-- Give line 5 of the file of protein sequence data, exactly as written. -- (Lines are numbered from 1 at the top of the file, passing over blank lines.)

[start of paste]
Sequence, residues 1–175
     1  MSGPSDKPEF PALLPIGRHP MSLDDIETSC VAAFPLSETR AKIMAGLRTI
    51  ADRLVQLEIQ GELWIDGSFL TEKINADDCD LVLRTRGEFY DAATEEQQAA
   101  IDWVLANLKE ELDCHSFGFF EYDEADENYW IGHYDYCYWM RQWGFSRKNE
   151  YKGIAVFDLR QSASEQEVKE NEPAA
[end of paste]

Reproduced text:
   151  YKGIAVFDLR QSASEQEVKE NEPAA